Me with Alice in Wonderland at a small theme park when I was about 4 or 5.
I'm holding the pink-cloth baby doll that was, at that time, my favorite toy.
They say that playing can be a way of trying out adult roles, but I was never much for playing with dolls, at least not the type of play that involves feeding and diapering and burping. When my friends, my little sister and I played Barbie dolls, they were always young, independent professionals, dating casually. Sometimes they had a steady boyfriend, but marriage never came up and children were never considered.
Likewise, when a friend and I played house, our play-acting consisted of a wife and husband going about their daily lives. Occasionally, when her cousin visited, she would play our needy, demanding child, but my younger sister, who should have been a natural for a such a role, resisted, insisting on playing a neighbor instead.
For a brief time, in my younger years, my favorite toy was a rubber-headed doll with a pink cloth body, which for some reason I was convinced was a boy, perhaps because of the lack of hair. While, in those days, I insisted on carrying him everywhere (including holding him in a photo with Alice in Wonderland at a small amusement park), he was littlemore to me than a human-faced teddy bear: a soft body to clutch, not a human being who needed care. Most of the time, I didn't even try to cradle him; I remember Mom correcting me: "You can't carry a baby with one arm!"
This lack of practice is probably why I was so bad at baby-holding when my little sister came home. I was 7 at the time and thought I was more than capable of holding my newborn sister. Mom hesitated, and then finally came up with a compromise: I could only hold her when I was sitting down, and Mom had to teach me how to do it right. She made it very clear that I was never allowed to pick her up by myself.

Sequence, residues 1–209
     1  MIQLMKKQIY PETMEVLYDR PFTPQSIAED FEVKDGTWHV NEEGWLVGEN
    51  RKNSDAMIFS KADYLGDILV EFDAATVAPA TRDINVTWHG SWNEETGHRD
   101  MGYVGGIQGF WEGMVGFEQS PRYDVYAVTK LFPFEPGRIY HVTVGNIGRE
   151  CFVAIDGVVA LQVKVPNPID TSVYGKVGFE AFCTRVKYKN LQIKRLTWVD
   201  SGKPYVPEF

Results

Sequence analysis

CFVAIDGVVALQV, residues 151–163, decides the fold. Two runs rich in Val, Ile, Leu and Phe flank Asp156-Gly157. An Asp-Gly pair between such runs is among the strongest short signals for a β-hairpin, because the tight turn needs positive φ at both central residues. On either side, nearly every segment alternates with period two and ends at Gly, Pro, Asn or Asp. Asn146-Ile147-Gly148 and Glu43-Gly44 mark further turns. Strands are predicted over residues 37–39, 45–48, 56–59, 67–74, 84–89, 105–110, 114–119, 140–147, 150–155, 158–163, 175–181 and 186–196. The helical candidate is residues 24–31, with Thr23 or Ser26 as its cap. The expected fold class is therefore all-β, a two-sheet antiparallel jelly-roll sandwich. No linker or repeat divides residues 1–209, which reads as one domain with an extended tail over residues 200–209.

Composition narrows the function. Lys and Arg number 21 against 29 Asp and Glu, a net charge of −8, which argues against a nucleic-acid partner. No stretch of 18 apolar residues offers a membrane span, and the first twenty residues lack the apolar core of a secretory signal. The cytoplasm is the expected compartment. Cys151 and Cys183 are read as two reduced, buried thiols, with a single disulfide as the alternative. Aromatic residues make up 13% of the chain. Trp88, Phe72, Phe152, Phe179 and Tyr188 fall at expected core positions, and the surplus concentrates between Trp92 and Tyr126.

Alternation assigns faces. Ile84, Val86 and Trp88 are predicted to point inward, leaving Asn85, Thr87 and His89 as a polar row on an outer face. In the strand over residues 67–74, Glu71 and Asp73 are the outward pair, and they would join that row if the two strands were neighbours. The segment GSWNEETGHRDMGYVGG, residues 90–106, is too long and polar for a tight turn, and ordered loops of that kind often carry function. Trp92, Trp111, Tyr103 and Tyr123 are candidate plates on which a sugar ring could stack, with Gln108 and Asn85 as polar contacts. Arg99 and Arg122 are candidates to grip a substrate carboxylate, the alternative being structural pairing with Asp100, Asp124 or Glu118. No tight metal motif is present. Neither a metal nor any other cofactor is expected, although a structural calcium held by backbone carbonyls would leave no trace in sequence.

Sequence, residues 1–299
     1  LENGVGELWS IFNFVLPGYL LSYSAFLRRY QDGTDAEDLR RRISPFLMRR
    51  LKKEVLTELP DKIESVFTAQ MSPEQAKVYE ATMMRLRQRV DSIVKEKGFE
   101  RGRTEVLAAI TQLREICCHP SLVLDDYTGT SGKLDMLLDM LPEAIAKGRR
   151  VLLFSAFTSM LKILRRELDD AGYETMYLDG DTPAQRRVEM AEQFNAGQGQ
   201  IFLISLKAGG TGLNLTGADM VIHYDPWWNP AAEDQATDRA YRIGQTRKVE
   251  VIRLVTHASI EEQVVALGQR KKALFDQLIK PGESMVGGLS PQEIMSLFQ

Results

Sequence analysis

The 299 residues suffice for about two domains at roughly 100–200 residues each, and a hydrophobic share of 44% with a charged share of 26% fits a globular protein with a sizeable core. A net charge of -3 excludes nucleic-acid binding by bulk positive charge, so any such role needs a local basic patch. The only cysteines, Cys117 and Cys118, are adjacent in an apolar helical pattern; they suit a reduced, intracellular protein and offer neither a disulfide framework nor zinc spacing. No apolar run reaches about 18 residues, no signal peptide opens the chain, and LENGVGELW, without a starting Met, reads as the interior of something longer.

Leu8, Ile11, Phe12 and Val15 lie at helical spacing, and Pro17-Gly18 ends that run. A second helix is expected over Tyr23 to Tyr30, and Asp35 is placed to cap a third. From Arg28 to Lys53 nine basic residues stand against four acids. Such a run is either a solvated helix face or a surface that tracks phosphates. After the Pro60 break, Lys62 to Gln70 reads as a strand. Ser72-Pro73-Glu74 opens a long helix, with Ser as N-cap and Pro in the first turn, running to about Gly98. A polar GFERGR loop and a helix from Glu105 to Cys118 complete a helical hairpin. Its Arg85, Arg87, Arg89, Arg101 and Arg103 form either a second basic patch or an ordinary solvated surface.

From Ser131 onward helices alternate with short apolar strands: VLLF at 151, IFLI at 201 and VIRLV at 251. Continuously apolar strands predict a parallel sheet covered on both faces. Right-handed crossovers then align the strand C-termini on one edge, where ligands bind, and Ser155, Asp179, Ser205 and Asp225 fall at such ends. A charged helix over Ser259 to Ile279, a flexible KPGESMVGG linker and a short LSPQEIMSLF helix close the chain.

Wise advice, I now know, but at the time I huffed, "I'm a big girl!" Clearly, anyone could see that. I was capable of walking and talking and dressing myself, while this pink-faced cherub was dependent on us for everything. Nevertheless, I abided by Mom's rules, and I sat down on our orange velvet couch for her to place my little sister in my arms, showing me how to cradle her head.
About two seconds after Mom's hands left the baby's body, she began to howl. With her cries, she demanded that her real Mom take her back from this incompetent impostor. A short time later, Mom relented, easily hushing my sister. But while I wasn't allowed to help with much, I was fascinated by my little sister, and I brought my friends by the house to stare at her in her crib. "No touching," I told them, enforcing Mom's rules.
Every once in a while, on special occasions, Mom would again let me hold my sister: always seated, always briefly, and always her sweet little face would turn bright red from screaming. Yet, to this day, watching my mom care for my sister -- and my brother, as well as other friends, care for their children -- remains my best preparation for baby care, along with a four-week course from the hospital. I have very little hands-on practice.
Ironically, my sister has volunteered to help me with baby care at Otakon, the annual Japanese anime convention my husband, The Gryphon, and I help run. I haven't thought about it until now, but the little baby whose face turned red whenever I held her will soon be holding my month-old baby. I only hope she'll do a better job with him than I did with her.
Me on my confirmation day, with Dad, my brother and my little sister.
Clearly, I had no idea how to hold the antique doll my mom passed onto me for the occasion.
Practice makes perfect, and I'll be getting a lot of practice soon.